Have you ever attended a small business matchmaking or networking event on a whim?
If you decided to be spontaneous and show up to an event without preparing beforehand, you may have struck gold and landed a big client. However, it’s far more likely that you struck out completely, and left the event feeling a bit dejected.
Like so many things in life and business, you get out what you put in. When it comes to matchmaking for small diverse businesses, the preparation you do before the event is just as important as your actions during and after the event – perhaps even more so.Tweet This
Consider following these 10 simple steps to help start a lasting relationship with your dream client at the next event you attend.
1. Get certified.
First thing’s first: your business should be officially certified as a diverse enterprise.
There are many different types of certifications available, from programs through the Small Business Administration to regional and state-level certifications. There are also certifications available if your business is woman-owned, minority-owned, veteran-owned, or LGBT-owned.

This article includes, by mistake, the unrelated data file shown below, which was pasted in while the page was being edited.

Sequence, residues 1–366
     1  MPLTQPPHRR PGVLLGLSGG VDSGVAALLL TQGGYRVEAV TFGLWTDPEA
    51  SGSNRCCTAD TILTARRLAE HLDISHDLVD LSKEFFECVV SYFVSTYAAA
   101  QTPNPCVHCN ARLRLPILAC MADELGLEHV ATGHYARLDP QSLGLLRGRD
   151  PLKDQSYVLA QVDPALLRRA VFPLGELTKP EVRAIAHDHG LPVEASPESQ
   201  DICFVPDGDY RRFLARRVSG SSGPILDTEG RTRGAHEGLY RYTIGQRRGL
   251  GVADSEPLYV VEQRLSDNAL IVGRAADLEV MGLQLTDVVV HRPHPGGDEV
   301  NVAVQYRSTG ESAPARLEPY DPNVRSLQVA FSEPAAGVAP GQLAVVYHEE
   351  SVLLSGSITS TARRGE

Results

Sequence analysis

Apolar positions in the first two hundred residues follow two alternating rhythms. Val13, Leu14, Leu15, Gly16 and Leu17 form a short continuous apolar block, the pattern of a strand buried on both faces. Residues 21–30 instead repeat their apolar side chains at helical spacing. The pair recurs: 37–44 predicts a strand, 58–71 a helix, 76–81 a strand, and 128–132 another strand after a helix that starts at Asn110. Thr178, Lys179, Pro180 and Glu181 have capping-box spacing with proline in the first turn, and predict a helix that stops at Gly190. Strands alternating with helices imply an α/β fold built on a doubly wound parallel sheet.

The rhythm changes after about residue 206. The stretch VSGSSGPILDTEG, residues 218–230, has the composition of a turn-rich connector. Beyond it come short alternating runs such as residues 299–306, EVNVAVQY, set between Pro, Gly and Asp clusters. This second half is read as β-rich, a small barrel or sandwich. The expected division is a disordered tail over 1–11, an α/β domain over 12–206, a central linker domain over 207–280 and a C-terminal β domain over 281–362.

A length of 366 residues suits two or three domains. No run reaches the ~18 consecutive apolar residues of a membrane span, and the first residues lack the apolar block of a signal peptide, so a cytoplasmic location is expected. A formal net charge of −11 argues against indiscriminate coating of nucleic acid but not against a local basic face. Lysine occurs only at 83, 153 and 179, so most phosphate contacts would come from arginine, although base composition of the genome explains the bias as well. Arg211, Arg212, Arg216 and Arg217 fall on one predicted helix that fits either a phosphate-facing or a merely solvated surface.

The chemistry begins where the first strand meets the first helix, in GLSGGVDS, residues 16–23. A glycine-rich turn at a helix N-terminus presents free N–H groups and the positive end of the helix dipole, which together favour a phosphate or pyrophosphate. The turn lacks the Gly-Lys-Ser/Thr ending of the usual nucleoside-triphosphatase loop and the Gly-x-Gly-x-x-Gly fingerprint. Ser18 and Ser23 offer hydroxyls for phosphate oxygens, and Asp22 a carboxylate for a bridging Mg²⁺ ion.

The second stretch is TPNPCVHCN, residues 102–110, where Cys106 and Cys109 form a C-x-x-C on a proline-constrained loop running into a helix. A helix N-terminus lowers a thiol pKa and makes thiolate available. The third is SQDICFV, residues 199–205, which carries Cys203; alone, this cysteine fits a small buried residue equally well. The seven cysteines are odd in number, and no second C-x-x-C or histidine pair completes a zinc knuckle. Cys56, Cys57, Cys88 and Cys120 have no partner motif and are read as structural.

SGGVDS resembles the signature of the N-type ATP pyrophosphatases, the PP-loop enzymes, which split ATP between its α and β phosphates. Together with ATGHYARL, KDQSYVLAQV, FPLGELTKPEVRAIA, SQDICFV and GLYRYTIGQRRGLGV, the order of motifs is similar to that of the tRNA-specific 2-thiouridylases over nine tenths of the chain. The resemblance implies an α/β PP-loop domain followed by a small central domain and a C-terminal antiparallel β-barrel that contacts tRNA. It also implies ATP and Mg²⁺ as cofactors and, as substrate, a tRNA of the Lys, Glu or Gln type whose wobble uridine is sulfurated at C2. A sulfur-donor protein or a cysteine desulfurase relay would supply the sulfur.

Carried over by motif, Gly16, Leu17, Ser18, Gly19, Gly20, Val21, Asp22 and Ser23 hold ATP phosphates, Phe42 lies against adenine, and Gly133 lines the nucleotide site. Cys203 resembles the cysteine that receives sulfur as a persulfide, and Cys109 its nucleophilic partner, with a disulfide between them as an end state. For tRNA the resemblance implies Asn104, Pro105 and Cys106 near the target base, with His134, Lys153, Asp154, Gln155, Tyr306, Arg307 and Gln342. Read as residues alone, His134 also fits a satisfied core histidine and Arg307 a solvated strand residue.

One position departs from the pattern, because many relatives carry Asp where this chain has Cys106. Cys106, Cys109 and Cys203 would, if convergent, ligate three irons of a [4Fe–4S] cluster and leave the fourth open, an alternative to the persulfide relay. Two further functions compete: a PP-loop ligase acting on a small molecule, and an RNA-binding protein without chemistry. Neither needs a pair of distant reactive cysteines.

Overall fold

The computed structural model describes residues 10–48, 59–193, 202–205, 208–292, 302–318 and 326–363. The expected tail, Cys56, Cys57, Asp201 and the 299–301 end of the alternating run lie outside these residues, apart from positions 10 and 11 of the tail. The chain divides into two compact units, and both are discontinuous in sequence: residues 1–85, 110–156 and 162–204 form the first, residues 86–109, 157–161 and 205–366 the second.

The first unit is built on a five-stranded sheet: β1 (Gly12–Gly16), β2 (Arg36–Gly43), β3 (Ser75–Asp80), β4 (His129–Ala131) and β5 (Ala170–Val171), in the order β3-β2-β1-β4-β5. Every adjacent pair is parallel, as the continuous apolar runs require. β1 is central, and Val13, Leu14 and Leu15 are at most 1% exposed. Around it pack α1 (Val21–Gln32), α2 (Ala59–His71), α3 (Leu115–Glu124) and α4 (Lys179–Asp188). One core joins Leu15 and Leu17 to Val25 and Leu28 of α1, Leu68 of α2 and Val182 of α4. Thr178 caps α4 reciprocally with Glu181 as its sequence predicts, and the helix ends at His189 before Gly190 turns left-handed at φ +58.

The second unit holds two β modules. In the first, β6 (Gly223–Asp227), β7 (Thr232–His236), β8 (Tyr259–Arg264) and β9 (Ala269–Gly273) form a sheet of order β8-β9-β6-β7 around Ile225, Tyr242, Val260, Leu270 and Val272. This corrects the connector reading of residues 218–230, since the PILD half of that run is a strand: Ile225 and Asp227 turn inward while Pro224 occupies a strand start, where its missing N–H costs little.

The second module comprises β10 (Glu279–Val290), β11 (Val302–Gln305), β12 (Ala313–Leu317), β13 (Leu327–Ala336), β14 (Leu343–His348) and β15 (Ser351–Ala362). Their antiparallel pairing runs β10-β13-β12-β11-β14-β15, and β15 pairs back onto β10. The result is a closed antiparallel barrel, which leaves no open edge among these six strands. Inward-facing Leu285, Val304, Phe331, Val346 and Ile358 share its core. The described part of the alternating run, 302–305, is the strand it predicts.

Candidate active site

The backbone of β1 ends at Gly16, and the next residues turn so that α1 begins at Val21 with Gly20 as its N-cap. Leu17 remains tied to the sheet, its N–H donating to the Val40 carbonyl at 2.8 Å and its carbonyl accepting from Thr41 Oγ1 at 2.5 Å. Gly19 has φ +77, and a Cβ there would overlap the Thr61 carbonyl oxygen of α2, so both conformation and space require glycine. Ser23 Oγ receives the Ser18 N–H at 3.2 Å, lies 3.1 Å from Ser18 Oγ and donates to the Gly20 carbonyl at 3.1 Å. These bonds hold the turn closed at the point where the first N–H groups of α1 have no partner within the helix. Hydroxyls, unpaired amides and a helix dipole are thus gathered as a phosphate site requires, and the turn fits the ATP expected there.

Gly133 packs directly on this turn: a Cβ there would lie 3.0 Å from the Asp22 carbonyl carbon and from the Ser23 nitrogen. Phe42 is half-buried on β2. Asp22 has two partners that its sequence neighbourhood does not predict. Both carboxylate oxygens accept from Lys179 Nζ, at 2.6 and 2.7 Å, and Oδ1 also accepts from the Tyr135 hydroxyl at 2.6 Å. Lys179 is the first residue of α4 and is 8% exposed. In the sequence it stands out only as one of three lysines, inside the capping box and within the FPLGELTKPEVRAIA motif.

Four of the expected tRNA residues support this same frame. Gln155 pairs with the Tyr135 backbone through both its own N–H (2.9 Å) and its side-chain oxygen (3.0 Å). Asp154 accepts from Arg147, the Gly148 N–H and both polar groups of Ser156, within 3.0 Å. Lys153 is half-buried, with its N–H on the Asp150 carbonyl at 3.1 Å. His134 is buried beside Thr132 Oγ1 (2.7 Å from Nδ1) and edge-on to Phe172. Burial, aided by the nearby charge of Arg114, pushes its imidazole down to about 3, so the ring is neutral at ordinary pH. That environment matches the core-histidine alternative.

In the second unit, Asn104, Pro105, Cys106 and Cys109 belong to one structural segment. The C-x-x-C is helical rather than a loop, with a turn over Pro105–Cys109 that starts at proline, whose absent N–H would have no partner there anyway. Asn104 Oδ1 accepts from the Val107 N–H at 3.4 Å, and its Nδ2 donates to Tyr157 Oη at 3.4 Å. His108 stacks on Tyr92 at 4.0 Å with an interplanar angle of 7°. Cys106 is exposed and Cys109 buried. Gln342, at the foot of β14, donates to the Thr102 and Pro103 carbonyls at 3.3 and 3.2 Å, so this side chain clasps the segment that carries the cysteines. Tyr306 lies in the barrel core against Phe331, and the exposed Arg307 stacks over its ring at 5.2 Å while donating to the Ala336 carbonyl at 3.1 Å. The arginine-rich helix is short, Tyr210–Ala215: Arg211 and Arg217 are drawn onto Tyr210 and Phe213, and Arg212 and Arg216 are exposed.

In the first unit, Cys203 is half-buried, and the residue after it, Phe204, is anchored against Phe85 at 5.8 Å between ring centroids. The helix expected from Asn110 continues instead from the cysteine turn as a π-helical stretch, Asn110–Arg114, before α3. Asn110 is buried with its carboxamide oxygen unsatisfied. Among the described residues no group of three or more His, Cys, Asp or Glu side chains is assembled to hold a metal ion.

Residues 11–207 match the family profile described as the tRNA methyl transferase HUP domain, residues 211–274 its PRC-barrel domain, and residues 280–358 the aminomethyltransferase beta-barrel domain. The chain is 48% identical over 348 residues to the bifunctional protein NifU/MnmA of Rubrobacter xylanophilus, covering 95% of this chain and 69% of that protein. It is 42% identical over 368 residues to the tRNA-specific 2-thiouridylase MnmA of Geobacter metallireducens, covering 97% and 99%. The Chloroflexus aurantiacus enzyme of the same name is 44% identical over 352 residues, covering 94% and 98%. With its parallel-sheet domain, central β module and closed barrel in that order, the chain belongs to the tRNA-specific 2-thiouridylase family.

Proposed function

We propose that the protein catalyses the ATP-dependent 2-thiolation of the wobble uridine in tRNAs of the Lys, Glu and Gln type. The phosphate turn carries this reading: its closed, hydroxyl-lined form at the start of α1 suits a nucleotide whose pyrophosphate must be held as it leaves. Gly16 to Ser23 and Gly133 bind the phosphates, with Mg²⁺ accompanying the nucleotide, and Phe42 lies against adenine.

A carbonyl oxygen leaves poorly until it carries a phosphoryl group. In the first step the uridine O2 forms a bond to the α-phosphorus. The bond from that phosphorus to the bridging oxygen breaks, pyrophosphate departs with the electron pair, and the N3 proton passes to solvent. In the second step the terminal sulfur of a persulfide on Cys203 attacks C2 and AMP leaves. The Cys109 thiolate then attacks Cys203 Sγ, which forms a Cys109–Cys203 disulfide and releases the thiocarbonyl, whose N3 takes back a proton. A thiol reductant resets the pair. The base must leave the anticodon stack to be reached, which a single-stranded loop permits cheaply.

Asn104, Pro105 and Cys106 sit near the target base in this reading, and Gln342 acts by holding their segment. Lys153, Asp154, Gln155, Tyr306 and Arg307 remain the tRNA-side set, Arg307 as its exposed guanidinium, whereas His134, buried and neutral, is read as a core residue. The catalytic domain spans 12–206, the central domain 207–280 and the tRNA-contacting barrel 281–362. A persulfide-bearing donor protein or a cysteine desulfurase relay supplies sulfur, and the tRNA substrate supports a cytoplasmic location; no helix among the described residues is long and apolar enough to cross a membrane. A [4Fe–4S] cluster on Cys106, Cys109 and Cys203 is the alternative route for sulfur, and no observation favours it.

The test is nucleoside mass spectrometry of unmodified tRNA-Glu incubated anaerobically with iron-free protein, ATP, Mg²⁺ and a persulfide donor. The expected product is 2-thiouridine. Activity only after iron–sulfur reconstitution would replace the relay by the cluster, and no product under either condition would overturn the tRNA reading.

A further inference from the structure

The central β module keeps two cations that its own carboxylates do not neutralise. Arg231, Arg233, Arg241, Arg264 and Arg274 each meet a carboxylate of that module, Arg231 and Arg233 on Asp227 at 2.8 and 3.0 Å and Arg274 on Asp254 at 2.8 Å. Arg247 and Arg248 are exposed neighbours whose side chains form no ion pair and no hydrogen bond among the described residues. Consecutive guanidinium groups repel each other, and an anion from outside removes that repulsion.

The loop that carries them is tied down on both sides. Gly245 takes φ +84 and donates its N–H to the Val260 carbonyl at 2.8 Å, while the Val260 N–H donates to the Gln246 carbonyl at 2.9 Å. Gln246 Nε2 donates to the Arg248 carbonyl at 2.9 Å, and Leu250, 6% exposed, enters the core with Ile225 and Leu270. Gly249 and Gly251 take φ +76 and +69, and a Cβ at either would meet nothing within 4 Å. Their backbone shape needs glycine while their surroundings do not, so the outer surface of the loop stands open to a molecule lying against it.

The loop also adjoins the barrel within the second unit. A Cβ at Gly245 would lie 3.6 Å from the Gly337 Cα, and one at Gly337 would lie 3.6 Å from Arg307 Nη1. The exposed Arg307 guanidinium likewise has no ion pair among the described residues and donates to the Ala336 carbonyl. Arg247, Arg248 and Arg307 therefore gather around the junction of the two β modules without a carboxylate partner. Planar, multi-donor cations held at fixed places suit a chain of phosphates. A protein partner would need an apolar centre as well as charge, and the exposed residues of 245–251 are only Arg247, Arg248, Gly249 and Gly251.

The type of certifications you obtain will depend on what kind of business you’re interested in procuring. Many states have Minority Business Enterprise programs to help diverse suppliers obtain government contracts, while the National Minority Supplier Development Council offers certification to help you obtain private sector contracts.
You’ll want to inquire of your prospective client(s) what type of certifications they require so you can be sure to pursue the correct designation.
2. Establish the right goals.
When attending a small business matchmaking event, your goal should not be to walk out the door with a contract in hand. While it’s certainly possible, it’s sort of like eloping with someone you’ve only just met.
Matchmaking events are all about making connections and beginning relationships. Your goals should include making a good impression, connecting on a personal level, and scheduling a follow-up phone call or meeting with the company’s Supplier Diversity representative.
3. Do the (right) research.
Do ample research before the event to determine who’s going to be there and what, exactly, they’re looking for.